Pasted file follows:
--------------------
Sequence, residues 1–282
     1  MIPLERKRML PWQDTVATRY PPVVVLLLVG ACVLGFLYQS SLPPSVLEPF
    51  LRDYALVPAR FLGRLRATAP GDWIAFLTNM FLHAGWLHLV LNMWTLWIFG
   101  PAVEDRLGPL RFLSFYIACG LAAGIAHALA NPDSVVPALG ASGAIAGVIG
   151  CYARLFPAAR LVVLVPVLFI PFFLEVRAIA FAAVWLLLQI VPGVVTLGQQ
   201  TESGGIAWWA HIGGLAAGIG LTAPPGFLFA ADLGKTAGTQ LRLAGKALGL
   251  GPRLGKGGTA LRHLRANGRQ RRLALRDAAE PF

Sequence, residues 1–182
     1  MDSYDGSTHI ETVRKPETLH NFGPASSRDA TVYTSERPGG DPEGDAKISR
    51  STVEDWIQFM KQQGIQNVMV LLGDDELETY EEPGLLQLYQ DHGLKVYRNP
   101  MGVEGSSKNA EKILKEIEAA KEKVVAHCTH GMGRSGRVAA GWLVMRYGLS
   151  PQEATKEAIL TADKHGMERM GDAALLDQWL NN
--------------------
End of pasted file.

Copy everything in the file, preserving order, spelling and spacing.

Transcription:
Sequence, residues 1–282
     1  MIPLERKRML PWQDTVATRY PPVVVLLLVG ACVLGFLYQS SLPPSVLEPF
    51  LRDYALVPAR FLGRLRATAP GDWIAFLTNM FLHAGWLHLV LNMWTLWIFG
   101  PAVEDRLGPL RFLSFYIACG LAAGIAHALA NPDSVVPALG ASGAIAGVIG
   151  CYARLFPAAR LVVLVPVLFI PFFLEVRAIA FAAVWLLLQI VPGVVTLGQQ
   201  TESGGIAWWA HIGGLAAGIG LTAPPGFLFA ADLGKTAGTQ LRLAGKALGL
   251  GPRLGKGGTA LRHLRANGRQ RRLALRDAAE PF

Sequence, residues 1–182
     1  MDSYDGSTHI ETVRKPETLH NFGPASSRDA TVYTSERPGG DPEGDAKISR
    51  STVEDWIQFM KQQGIQNVMV LLGDDELETY EEPGLLQLYQ DHGLKVYRNP
   101  MGVEGSSKNA EKILKEIEAA KEKVVAHCTH GMGRSGRVAA GWLVMRYGLS
   151  PQEATKEAIL TADKHGMERM GDAALLDQWL NN